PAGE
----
"Gentrification, police brutality, detaining refugees from Guatemala and Honduras in prison-like detention centers — these are issues that ties us as people together," Laufer said. "We need to look at the bigger picture of dehumanization on a global scale and see how it relates to San Antonio. If we can get behind a national movement to empower black lives and relate it to brown lives, then we can raise all boats."
Yet, on the tourist-soaked streets of downtown, SATX4 mostly finds push-back against these messages.
Just a few weeks ago Lowe was arrested and charged with "disorderly conduct – language" by the SAPD who accuse the group of chanting "fuck the police" as they marched downtown in proximity to the River Walk.
"The group never chanted 'fuck the police' even though the police wrote that on the police report," Laufer said. "I felt the police made it a bigger deal than it was."
However, Lowe's sign did have "fuck the police" written on it, albeit in small letters juxtaposed with much larger lettering, which was non-obscene.
"If people were more offended by words than they are by the fact that 823 people died this year by the police, it says a lot about the society we live in," Laufer said.
According to "The Counted," an online project by The Guardian that compiles a database of police killings in the United States, 829 people have been killed in the country since September 15 of this year. On the flipside, according to the Officer Down Memorial Page, a website, 87 police have been killed in the line of duty in 2015.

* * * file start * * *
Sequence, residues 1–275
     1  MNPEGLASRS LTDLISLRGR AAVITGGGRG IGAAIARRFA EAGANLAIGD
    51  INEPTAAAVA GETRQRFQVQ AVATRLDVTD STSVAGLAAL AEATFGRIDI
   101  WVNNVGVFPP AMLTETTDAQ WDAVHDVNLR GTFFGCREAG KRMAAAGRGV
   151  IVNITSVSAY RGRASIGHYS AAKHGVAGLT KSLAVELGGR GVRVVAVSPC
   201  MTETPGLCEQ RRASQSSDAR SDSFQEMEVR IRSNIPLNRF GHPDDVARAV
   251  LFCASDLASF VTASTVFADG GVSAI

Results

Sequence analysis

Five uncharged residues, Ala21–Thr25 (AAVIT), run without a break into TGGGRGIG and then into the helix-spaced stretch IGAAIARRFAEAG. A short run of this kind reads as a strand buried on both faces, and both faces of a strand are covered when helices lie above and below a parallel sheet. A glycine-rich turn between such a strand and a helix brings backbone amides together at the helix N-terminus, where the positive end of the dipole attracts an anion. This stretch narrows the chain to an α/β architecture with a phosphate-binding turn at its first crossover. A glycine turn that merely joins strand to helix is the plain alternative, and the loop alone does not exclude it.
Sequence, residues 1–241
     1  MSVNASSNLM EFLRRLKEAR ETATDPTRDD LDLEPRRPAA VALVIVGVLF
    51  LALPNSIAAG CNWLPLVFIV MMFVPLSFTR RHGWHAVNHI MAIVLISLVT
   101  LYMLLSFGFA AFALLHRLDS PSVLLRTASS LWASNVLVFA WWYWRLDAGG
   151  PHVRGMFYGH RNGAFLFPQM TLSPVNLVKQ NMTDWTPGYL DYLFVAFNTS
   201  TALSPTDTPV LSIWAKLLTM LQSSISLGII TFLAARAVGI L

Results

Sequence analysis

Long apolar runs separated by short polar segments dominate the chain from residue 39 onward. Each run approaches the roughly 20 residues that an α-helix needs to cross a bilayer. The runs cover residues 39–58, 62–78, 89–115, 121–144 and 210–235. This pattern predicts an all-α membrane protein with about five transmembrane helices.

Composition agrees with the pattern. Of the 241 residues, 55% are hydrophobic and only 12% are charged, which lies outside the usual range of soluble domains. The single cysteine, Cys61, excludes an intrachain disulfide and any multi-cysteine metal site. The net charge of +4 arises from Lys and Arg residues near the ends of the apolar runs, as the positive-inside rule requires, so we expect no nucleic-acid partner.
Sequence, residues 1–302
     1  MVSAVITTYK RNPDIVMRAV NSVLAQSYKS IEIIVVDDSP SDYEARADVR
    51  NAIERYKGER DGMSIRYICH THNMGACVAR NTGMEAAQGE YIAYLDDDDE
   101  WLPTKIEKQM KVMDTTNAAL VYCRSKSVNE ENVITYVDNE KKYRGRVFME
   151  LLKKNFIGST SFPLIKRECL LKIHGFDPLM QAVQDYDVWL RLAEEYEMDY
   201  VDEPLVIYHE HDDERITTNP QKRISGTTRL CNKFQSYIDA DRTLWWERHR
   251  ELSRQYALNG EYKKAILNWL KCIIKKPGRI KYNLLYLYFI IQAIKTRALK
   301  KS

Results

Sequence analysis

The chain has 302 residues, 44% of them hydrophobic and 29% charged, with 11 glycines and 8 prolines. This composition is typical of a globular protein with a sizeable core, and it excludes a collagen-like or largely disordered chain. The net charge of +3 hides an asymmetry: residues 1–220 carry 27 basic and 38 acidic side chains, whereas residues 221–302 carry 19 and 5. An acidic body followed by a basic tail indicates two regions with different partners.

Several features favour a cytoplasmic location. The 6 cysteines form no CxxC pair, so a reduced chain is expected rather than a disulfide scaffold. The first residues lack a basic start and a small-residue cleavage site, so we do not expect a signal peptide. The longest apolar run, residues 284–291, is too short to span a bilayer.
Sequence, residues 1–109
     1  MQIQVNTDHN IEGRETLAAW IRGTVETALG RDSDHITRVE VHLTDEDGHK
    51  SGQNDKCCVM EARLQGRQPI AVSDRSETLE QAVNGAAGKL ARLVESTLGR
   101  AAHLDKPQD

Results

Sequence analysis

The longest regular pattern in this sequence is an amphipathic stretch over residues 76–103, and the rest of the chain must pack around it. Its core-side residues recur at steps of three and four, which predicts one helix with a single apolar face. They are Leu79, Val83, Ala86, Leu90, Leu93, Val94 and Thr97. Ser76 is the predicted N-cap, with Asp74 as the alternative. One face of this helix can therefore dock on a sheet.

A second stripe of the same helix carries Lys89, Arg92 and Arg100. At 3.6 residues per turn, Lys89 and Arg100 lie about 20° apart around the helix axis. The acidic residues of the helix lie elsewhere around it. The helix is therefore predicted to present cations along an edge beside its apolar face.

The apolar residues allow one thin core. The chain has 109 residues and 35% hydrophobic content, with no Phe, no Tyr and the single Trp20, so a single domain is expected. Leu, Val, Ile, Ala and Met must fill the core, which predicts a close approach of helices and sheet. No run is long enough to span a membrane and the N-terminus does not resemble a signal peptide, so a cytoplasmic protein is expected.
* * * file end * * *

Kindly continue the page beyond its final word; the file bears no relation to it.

Last fall, former SAPD chief William McManus pitched body cameras to City Council. He told the city's leaders that San Antonio has largely missed unrest from police shootings and that the cameras were just one way to make sure the Alamo City isn't the next Ferguson.
And the District Attorney's Office, in coordination with the SAPD and other leaders, have held community policing forums in order to build relationships with San Antonio residents. Local activists have complained that not enough notice is given before the forums.
Recently, on the East Side, the SAPD held a "Coffee with the Cops" event at a McDonalds.
"From their perspective, they do it in a strategic way," Lowe said of the forums and community events. "But I think we're missing the mark."
To improve relations, life has to be better for students at school and the city has to allot more resources to community organizations in African-American neighborhoods that target the youth, and provide opportunities to the unemployed. Police will have to build relationships with all members of the community, from business leaders, to lay people, to pastors, to the LGBT community, he explained.
"Everybody has a voice and in the black community, we have all those aspects," Lowe said.
And laws that disproportionately send black men to prison for non-violent offenses — like small-time drug possession — need to be reformed.
But before change can happen, people need to be able to talk about why black lives matter.
Dr. Gregory Hudspeth, an associate professor at the Department of Social Sciences at St. Phillip's College, said the Black Lives Matter movement is not an anti-police movement.
"There's an attempt to bring about an awareness that there are some issues with regards to how individuals are treated, as well as how they perceive they are treated by law enforcement," Hudspeth said.
And there's plenty of credible data that shows African-American communities are disproportionately affected by police violence and incarceration.
"The vast majority of police officers are very good people," Hudspeth said. "That would be true for any profession."
However, according to Hudspeth, there is a national problem with black men being killed by police, though Hudspeth clarifies that he thinks San Antonio is largely blessed with a good police department.
"Conversations are always good to have. And ... as long as we're talking to each other we get to know each other and we're able to prevent problems before they become problems," Hudspeth said. "The discussion is a violent discussion to have even if we're not having that problem within our own community. It's like saying, 'Do we have to have a discussion on child abuse if we're not having it in our community?' Absolutely, we do."